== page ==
Marzhill Musings


Functional Programming vs OO Programming

Published On: 2009-04-26 20:52:39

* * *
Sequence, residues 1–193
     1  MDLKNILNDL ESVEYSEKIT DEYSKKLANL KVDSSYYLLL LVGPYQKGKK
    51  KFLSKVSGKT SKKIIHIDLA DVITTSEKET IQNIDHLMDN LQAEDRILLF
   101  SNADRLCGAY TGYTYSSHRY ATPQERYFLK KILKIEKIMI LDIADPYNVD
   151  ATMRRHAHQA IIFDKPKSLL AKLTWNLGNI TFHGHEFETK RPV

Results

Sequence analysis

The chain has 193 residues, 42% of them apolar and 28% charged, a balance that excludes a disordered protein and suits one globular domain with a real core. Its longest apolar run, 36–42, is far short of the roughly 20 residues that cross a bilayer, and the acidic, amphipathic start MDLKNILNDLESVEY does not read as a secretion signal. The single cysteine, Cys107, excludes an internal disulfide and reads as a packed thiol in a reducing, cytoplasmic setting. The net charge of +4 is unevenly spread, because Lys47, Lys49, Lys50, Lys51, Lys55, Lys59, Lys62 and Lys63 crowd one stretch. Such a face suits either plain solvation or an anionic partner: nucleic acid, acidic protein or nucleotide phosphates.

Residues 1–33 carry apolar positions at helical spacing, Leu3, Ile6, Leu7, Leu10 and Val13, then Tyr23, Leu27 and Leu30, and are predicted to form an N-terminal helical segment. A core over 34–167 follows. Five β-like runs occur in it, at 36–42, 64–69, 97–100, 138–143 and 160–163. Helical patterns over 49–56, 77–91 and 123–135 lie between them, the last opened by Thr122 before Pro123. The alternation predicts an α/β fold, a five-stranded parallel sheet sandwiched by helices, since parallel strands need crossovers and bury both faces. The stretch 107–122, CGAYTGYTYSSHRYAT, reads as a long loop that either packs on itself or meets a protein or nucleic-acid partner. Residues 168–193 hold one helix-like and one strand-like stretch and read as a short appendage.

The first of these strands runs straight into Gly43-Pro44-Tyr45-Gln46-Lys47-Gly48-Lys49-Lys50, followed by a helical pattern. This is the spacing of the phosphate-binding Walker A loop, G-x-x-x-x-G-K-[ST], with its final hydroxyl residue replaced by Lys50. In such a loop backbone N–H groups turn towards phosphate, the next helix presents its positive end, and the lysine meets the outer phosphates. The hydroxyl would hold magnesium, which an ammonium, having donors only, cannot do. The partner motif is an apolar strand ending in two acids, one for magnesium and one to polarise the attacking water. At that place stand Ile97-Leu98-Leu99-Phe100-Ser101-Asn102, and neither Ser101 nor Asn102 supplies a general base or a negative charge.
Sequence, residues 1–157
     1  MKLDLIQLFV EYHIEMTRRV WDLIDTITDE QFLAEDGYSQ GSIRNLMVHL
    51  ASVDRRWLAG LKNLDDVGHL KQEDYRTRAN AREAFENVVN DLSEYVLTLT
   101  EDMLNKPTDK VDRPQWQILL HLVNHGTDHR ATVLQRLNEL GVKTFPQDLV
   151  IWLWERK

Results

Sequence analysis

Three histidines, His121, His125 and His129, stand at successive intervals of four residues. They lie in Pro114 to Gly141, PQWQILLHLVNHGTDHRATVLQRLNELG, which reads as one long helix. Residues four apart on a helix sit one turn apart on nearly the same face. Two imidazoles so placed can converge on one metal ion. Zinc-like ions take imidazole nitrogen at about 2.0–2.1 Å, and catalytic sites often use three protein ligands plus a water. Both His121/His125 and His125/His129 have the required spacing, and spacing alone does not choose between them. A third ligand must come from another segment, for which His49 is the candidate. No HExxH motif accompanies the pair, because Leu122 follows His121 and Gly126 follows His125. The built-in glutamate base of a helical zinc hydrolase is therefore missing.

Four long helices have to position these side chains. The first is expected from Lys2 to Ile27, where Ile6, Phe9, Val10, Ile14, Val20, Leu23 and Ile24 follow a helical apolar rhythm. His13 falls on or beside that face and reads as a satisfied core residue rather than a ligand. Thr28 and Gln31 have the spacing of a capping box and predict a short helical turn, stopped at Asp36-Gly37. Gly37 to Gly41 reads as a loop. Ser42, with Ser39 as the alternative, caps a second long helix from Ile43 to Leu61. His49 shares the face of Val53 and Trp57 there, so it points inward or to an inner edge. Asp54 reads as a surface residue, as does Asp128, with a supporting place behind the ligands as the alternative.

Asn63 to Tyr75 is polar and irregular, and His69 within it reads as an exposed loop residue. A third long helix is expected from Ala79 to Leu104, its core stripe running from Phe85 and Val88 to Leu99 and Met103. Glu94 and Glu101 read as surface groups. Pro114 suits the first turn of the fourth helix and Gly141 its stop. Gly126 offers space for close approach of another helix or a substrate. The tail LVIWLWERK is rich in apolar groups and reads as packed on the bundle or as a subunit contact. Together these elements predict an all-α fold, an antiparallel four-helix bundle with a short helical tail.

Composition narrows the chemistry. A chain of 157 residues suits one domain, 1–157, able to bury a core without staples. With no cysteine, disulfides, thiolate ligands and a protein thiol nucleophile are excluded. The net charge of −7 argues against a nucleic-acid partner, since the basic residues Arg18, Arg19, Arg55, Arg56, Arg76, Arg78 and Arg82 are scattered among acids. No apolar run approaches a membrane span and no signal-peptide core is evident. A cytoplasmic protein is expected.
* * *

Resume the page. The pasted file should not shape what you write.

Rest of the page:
I've been thinking lately about the differences between OO and FP. FP languages don't really support the OO model because of a difference in design. Some try but the "true" functional languages make no such effort and for good reason. One of the primary principles of OO programming is the black box. An object is meant to represent some entity in the system. All the state and valid actions for that entity are encapsulated in the Object and the only visibility you have into them is the interface the object provides to the outside world. Programs tend to be defined as a set of interactions between objects. FP takes a different approach. In FP data is not modifiable only transformable by functions. In FP the functions expect certain input and give back certain output for that input. They certainly don't maintain any state on their own. You can't have an object if you can't have modifiable internal state. In OO you are encouraged to group together state and activity on that state. In OO you don't think so much about state as you do about entities. Person, Car, ATM machine. All of these are commonly referenced objects in an OO tutorial or textbook. Consumers of your object are encouraged not to think about the state of a person or a car or an ATM machine. Instead they think in terms of allowable interactions with that object: Talk, Drive, Withdraw Money. Within OO code there are a huge number of possible orders of various interactions possible. So large they are just about impossible to completely test or even visualize. For example say I'm programming a person object. I've given the person object a handshake method. However, depending on the internal state of the person object that method may or may not work the same way or be supposed to be called. Maybe the person object is in a bad mood, in which case the handshake method is non-functional. How do we handle that? Hrmm, so first before calling handshake on the person object we should call the offer hand method. No wait, before we call the offer hand method, perhaps we should look at their face first to gauge their mood. This could get complicated pretty quickly. Furthermore there is nothing in the OO language that allows us to specify that the offer hand method should happen first. We obviously need to know quite a bit about the state of that person object in order to properly interact with it. Contrast that with an FP approach. This gets a little bit simpler for some people to visualize suddenly. Rather than an object, they see state and a set of possible transformations of that state. the state may be something like this. person1 mood, person2 mood. and there is an interact function. If the person1 and person2 mood is good then the interact function offers hand for handshake and the two shake hands then interact returns the new person1 mood and person2 mood. Or if the mood of one of them is bad then do some other action then return new person1 mood and person 2 mood. By placing the emphasis on the state involved the coder has reduced the problem to a set of possible transformations based on that state. In OO, an object's methods define the interface. but passing the same input to an object will not always result in the same output. Most of the time methods modify internal state and the return depends on the internal state. At any time in your code the internal state of an object must be treated as an unknown. This means the return of your objects method must also be treated as an unknown. Every object has to treat every other object like it has some sort of mental disease and could have a psychotic break any moment. It could do just about anything and if you didn't define the proper response to what they do then who knows what might happen. In FP you are encouraged to think in terms of state transformations. You are forced to consider what the state you are dealing with is and then transform that state appropriately. Since the state is of primary importance after a while FP feels more natural than OO to certain mindsets. I'm discovering that I rather like the FP mindset and miss OO less and less these days.